Speaking the same language
“Our patients come from many different cultures—but so does our team. We try to share the patients with our co-workers who speak their own language. For example, when we’re helping a patient who speaks Chinese, we want to make sure she feels comfortable with our team and our care. So we make sure that our co-worker who speaks Chinese helps the patient access services. Since I speak Hindi, I try to register patients from India. We want our patients to have the best, most comfortable, least stressful experience possible, and we do everything we can to help that happen.”
Community embraces, expands nurse education
“Since I began working as the education coordinator at Sutter Coast Hospital, several of our nurses returned to school to work toward higher levels of education. Because of this, our county is now collaborating with the local community college and a nearby university to bring an R.N. and BSN program—LVN to R.N. to BSN—to this community. This is huge!
“By having nurses with more formal education, we are able to recruit and retain more hospital nursing staff to help fill the extreme shortage we have here on the rural north coast of California.”
She helped bolster Sutter’s donations to Ukraine
“It felt good to be doing something, anything. There is nothing more I can do from here, but to keep sharing Ukraine’s plight, to keep the war at the forefront of the news, and to keep reminding the world that it is still happening.”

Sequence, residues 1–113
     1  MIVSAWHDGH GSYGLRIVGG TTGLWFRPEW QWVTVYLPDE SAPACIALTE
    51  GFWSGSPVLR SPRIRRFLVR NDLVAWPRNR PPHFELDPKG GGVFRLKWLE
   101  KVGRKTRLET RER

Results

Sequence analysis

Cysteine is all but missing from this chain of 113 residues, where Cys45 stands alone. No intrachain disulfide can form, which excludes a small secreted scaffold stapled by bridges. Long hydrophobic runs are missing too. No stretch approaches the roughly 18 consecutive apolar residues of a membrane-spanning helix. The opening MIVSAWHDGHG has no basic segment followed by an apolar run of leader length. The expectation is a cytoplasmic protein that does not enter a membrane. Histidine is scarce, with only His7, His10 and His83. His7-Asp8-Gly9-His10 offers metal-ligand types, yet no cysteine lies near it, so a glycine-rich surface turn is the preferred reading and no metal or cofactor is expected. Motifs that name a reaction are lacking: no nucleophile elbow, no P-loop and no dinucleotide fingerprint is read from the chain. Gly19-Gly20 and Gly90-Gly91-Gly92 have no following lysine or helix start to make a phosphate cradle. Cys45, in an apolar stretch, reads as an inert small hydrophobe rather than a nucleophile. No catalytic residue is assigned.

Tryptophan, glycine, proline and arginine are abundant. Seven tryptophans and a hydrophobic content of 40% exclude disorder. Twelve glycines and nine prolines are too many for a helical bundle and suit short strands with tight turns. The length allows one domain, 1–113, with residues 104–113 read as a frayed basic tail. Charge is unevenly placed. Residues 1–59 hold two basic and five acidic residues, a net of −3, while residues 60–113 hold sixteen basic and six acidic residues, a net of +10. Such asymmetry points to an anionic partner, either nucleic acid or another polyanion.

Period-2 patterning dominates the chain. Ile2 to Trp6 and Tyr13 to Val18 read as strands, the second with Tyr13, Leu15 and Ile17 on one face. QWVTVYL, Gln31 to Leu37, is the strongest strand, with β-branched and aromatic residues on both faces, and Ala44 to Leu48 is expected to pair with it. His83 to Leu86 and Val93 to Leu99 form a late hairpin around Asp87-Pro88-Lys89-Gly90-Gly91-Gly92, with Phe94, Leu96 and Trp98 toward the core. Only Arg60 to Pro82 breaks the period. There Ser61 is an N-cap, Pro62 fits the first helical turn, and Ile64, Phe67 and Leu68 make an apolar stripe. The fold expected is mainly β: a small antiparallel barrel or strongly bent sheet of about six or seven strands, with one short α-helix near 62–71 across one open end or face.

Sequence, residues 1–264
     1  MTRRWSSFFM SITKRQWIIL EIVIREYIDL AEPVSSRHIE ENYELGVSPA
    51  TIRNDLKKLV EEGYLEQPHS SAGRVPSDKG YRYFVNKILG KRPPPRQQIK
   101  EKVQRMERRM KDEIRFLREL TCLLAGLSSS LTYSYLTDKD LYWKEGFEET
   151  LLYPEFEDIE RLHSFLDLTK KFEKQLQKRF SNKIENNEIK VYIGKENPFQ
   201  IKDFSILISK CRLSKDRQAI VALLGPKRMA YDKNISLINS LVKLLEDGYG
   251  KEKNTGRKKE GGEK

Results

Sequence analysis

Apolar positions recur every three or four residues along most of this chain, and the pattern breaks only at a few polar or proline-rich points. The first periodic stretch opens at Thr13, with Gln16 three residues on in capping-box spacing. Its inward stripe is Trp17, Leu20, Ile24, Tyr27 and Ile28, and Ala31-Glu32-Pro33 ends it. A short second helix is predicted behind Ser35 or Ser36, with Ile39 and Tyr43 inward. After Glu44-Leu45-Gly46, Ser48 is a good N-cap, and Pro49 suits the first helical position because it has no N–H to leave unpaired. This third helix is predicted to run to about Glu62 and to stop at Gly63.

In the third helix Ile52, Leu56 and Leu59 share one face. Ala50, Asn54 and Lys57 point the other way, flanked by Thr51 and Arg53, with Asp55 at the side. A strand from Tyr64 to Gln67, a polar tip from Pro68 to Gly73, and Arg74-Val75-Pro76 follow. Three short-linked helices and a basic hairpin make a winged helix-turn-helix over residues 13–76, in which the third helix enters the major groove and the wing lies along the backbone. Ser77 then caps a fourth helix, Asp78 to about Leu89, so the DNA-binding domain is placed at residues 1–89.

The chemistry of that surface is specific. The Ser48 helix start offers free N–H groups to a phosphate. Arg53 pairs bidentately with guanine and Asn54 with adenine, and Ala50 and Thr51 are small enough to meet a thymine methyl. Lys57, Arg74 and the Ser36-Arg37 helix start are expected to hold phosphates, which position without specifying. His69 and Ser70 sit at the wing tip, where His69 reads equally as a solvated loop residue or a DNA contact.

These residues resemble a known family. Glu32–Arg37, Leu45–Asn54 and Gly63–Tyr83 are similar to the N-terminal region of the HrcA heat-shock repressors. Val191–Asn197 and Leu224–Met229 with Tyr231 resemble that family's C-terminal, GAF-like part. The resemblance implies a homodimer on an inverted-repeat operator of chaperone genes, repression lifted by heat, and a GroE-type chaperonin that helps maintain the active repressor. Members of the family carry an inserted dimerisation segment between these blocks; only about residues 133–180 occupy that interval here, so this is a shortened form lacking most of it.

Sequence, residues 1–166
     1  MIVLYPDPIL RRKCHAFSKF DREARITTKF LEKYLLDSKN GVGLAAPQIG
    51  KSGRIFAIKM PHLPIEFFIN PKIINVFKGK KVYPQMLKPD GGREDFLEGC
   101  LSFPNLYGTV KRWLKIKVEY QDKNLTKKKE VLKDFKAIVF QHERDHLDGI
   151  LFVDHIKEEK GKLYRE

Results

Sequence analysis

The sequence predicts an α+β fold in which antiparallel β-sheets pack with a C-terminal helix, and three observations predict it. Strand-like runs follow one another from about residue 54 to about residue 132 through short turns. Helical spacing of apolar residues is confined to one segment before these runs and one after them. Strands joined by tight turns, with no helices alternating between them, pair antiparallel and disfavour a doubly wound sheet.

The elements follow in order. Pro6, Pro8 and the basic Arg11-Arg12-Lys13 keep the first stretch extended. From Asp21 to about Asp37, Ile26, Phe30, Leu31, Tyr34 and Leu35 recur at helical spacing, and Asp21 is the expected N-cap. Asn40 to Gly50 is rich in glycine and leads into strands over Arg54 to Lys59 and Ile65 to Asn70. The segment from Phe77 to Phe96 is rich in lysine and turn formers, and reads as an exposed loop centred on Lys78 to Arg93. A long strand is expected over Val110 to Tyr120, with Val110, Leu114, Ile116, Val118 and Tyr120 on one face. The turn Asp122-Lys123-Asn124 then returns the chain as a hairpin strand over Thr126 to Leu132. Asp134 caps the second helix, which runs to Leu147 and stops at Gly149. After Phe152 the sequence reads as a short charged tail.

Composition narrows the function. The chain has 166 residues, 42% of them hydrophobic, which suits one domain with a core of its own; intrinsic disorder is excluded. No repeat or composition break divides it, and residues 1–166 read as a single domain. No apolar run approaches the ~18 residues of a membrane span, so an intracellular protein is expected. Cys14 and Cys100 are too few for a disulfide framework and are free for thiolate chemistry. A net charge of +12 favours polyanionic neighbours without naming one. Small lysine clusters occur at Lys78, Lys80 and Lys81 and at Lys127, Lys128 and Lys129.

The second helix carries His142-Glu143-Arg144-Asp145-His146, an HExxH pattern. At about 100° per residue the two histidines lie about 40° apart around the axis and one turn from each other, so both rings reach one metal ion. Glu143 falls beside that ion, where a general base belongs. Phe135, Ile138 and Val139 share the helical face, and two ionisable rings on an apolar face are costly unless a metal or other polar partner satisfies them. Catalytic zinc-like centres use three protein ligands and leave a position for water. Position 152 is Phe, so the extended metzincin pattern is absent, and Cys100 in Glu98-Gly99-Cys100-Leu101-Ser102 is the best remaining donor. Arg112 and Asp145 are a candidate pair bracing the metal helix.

Providing equitable care, from the Sutter family
“Sutter Health has always felt like family to me. I appreciate the work and emphasis being placed on diversity and inclusion and understanding the ways we need to improve in our communities to provide safe and equitable care to all.”
Donors’ gift supports maternal health equity
“Maternal health has been a focus for our team from the very start as part of the multidisciplinary effort to prevent maternal health disparities within our system—and more recently with our work uncovering inequities in outcomes for COVID-19 patients.”
The importance of community outreach in cancer care
“Partnering with a community health care organization like Native American Health to provide cancer education and screenings is an effective way for us to help reduce cancer risk in our community and reduce cancer disparities.”
Sacrificing and uniting to serve the community during the pandemic
“2021 highlighted our commitment to our community. The sacrifices of the Sutter family have truly inspired me and have not gone unseen. COVID was not the only obstacle over the past year, and time and time again, the staff at Sutter pivoted. From Environmental Services, to security, nurses, physician assistants and doctors, they have put the community first and risked their own health for the greater good.
“I am looking forward to seeing where the continued explosion of kindness is going to take the Sutter family.”
Pediatric nutrition program reaches out to community
“The pediatric weight management program is the single most significant project I’ve been involved in during my 32 years in medicine.
“We at Sutter are proud to offer this service to our community. It is innovative service lines such as our pediatric weight management program that convince people to choose Sutter for their healthcare needs.”
The effort to keep care closer to home at Coast
“We can really help this huge population in need. I’d like to offer more of what we can do, closer to home—my vision is a more comprehensive general surgery program so that we can help a lot more patients than we refer out.”
His life’s work includes serving underserved communities